Gold Certificate

Posted in Finance, Accounting and Economics Terms, Total Reads: 41
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Definition: Gold Certificate

Gold Certificate is a legal paper held by a person or a financial intermediary which shows its ownership for the specified amount of gold which may be kept for storage or given for the investment purpose to a legal financial entity. Like a receipt it is a proof of deposit made by a depositor.


Gold certificates are provided on the basis that the certificate is compared with gold bars of specific weights. Here the banks keeps the gold as under a custodial or a contract. Gold certificates provides the owner a sense of safety and convenience as it is stored by the financial intermediary. He also earns interest on it. The other benefit the depositor gets is he does not have to pay for the storage and got an insurance of getting it back whenever he demands. It also provides the owner a facility to either convert it into gold or in the form of money when he demands.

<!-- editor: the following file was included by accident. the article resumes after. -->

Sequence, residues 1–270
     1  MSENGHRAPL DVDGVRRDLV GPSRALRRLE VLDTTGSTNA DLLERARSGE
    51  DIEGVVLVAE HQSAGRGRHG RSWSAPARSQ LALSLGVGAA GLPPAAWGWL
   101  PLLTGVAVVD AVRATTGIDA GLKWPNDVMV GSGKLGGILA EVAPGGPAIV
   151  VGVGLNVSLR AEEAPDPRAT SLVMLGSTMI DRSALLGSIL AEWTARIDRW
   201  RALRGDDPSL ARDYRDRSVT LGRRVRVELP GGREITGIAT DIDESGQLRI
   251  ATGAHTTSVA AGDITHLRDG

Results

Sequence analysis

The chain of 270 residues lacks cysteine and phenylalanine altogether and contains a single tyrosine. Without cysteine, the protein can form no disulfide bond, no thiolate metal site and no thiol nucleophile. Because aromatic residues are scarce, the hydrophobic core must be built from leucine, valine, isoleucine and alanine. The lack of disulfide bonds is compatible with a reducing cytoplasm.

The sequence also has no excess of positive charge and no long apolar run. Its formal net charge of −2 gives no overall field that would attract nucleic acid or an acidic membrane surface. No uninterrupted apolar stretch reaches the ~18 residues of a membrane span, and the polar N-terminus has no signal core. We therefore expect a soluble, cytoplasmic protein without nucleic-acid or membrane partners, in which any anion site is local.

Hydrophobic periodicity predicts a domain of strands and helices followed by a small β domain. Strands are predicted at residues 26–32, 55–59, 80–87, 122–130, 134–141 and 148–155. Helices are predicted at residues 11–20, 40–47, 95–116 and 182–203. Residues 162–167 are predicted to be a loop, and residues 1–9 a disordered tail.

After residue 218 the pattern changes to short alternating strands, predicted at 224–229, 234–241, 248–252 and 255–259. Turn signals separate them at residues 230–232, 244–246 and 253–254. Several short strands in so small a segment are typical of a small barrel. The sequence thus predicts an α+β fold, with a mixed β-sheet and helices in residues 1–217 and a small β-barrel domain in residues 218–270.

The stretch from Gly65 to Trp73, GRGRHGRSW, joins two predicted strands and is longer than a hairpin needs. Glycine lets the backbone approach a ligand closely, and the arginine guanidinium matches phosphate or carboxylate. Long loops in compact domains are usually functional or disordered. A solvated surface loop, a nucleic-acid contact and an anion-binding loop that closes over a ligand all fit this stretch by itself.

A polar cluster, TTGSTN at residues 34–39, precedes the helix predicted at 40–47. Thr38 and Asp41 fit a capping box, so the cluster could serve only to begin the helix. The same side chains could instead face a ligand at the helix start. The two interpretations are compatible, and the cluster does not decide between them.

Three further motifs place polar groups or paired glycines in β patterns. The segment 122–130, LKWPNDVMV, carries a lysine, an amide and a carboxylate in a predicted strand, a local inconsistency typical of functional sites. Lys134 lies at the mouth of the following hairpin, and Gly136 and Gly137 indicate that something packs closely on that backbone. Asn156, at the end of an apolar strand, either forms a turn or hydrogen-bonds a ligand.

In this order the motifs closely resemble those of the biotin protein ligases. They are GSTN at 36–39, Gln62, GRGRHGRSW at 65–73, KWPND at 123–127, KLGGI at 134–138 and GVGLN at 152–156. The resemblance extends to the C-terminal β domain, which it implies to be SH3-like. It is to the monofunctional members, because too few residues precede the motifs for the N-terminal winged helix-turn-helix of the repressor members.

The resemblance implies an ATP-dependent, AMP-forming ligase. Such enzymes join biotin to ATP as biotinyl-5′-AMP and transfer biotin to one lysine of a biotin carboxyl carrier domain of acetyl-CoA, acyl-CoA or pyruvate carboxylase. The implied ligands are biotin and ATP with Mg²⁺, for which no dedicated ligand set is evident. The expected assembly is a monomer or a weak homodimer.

The drawback for this is it requires some minimum amount of gold to get it converted into certificate so all the retail investors cannot benefit from it and even the interest returns on it are very less.

Gold certificate schemes is in practice since 17th centuries during which the goldsmiths used to issue gold certificates to the customers who used to deposit gold with them. Those certificates were then used as a mode of payment for buying different commodities from the market.


US issued Gold certificates of various denominations ranging from minimum of 10$ to maximum of 100,000$ during years 1928-1934.

Indian Government launched the Gold monetisation scheme in 2015 under which they issued gold certificates with maturity period of one to five years. Interest would be given on this certificates and it can also be used as collateral if the issuer asks for the rupee loans.

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